Stacy is working on getting her bio to us and it will be posted here soon. Stay tuned.
Stephanie Ludwig is a Software Engineer with Lockheed Martin and holds a masters degree in Information Science from the University of Iowa. She has resided in Colorado for the past 30 years, with the exception of three years in Montana during the 1990’s. She has been active with various community and national organizations, most notably Special Olympics Colorado, the National Multiple Sclerosis Society and the Leukemia and Lymphoma Society.
Stephanie’s husband, Paul, passed away in December 2016, after a four-month battle with pancreatic cancer. Paul was an active and supposedly healthy 57 year old marathoner and cyclist who had just received glowing results on his annual physical exam. Just a few months after that, Paul started having severe stomach pains, which his doctor treated with only over the counter antacid medicine. Paul and Stephanie were both completely unaware of the warning signs of pancreatic cancer, and so never suspected anything worse than possibly an ulcer. Once his stage 4 cancer was finally diagnosed, Paul entered a clinical trial at the University of Colorado Cancer Center and was provided with wonderful care during his four months of treatment. Stephanie’s goal is to raise funding for pancreatic cancer research being conducted at the University of Colorado Cancer Center. Additionally, she wants to honor the message that Paul gave to his friends and family during his final weeks: to “listen to your body”and to take aggressive action when you suspect something is not right. Through involvement with Wings of Hope for Pancreatic Cancer Research and promoting awareness of the warning signs of pancreatic cancer, Stephanie’s hope is that other people afflicted by pancreatic cancer will have enough information to listen to what their bodies are telling them and to seek early treatment.
Melanie Avner is an independent writing and editing professional with more than 15 years experience in public relations and marketing. When Melanie lost her mother, Jean Crua Wallace, to pancreatic cancer in 2008 after only a four-month battle with the disease, Melanie used her training and background in communications to help raise awareness about pancreatic cancer. Melanie appeared on Fox 31 News twice, had an opinion piece published in the Denver Post and was featured on a local radio program to educate people about the warning signs of pancreatic cancer and the lack of federal funding available to fight this deadly disease.
Melanie currently writes and edits a variety of communications materials, including Web site copy, fund raising appeals, press releases, and social media content for clients in both the nonprofit and for-profit sectors. Melanie lives in Denver with her husband and two children.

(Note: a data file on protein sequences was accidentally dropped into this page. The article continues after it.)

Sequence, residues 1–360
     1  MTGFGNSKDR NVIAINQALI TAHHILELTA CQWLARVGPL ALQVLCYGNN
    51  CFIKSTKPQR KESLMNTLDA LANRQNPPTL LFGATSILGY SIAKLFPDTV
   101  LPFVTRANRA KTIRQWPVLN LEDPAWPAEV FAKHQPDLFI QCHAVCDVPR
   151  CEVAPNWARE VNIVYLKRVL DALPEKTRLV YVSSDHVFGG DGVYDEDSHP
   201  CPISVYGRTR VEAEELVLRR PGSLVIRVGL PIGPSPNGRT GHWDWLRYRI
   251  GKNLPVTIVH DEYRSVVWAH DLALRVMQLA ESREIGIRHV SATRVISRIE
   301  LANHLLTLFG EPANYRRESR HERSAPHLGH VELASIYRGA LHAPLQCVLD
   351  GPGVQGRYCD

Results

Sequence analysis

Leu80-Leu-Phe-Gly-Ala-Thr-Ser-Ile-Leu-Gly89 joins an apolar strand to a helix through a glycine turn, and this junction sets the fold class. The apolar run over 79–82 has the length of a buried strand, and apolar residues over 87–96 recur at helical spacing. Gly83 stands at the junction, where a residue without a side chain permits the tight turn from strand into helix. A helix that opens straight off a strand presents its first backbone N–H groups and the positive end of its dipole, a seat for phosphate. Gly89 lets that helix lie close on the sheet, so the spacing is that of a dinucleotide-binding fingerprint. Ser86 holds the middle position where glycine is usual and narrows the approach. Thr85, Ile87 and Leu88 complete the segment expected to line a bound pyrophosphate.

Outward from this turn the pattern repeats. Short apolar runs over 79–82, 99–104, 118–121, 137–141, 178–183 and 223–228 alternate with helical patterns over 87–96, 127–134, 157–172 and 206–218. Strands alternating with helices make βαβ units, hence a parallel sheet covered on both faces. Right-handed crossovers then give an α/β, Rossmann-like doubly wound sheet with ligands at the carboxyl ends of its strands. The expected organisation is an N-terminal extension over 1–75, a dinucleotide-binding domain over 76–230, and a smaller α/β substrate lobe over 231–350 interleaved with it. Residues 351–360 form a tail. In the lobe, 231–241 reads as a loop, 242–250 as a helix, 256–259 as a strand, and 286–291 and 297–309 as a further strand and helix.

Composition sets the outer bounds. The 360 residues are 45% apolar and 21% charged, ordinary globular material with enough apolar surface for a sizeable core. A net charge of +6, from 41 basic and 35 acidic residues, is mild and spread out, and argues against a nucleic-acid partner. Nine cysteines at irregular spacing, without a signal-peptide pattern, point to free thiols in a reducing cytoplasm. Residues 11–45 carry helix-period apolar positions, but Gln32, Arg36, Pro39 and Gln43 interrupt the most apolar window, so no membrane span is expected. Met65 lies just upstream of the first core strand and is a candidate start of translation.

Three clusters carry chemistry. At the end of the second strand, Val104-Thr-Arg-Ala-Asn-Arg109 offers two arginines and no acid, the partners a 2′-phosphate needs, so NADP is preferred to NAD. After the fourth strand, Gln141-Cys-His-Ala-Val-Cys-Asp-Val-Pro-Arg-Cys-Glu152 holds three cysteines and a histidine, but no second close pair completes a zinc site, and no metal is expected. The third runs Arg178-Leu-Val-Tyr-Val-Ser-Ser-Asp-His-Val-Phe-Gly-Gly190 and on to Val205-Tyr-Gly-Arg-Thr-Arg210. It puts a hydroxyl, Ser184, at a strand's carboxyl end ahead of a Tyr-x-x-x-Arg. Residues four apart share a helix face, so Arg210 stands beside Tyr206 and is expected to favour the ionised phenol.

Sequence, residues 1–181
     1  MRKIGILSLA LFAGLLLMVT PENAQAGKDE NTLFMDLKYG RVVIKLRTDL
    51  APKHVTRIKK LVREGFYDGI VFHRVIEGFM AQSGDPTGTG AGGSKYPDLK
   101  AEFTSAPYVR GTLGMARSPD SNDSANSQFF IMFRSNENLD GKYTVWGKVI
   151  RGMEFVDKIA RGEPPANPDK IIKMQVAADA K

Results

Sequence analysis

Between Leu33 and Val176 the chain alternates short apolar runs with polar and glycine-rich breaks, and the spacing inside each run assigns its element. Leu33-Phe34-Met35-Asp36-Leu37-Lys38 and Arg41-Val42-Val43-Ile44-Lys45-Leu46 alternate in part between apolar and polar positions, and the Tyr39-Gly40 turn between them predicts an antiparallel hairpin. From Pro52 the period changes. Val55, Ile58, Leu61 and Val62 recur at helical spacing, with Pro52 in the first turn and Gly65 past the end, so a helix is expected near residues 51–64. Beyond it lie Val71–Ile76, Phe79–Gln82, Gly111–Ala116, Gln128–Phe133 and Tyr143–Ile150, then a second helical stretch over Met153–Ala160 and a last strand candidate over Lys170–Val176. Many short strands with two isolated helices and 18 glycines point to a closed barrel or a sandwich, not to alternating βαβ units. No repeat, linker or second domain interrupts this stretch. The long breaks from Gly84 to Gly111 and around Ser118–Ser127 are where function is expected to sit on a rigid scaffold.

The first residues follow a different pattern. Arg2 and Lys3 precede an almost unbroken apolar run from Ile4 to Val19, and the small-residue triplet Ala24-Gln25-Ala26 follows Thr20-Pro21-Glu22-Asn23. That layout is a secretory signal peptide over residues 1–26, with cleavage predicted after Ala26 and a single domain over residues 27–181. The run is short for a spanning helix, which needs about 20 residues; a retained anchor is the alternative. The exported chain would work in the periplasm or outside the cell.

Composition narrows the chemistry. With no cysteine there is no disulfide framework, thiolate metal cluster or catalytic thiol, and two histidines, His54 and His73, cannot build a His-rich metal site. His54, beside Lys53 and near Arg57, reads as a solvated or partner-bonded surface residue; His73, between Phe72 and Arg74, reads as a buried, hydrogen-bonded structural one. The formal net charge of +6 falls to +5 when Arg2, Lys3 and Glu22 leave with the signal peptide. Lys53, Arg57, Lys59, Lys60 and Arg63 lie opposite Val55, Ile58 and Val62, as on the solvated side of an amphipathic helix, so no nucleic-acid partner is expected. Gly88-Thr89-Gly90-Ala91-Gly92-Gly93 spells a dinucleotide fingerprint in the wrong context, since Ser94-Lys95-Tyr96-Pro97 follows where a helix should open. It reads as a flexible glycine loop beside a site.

Dr. Kathryn Haber lost her father, Calvin Bowker, to pancreatic cancer in September of 2003. He was diagnosed 10 months earlier at the age of 71 years old and chose not to receive treatment. Kathryn’s older sister, Deborah Whitman, passed away a year later of breast cancer at the age of 49. Three years after her sister’s passing, Kathryn was diagnosed with lymphoma and is now a 7 year survivor. Today, Kathryn’s 52 year old brother, Calvin Bowker, Jr., is battling stage IV pancreatic cancer in Boston, although he is looking to participate in clinical trials at University of Colorado’s Cancer Center. As a result of this family history of cancer, Kathryn recently joined the board of Wings of Hope for Pancreatic Cancer Research and is passionate about raising awareness and monies for this devastating disease that, unfortunately, does not have the same recognition and financial support as other cancers.
Kathryn is a licensed clinical psychologist, consultant, coach, facilitator, and behavioral health and wellness instructor in the arenas of organizational transformation, leadership and talent development. She has over 15 years of experience in the industry. Given her desire to help patients and families who are fighting cancer, she is looking to leverage her clinical skills and personal experience into the field of psycho-oncology to help make a difference in these patient and families’ lives. Kathryn is also an active member of FORCE, Facing Our Risk of Cancer Empowered. She lives in Denver with her husband and three boys and counts each day as a true blessing.
JOIN THE EFFORT…BE A PART OF THE POSSIBLE, BE THE HOPE.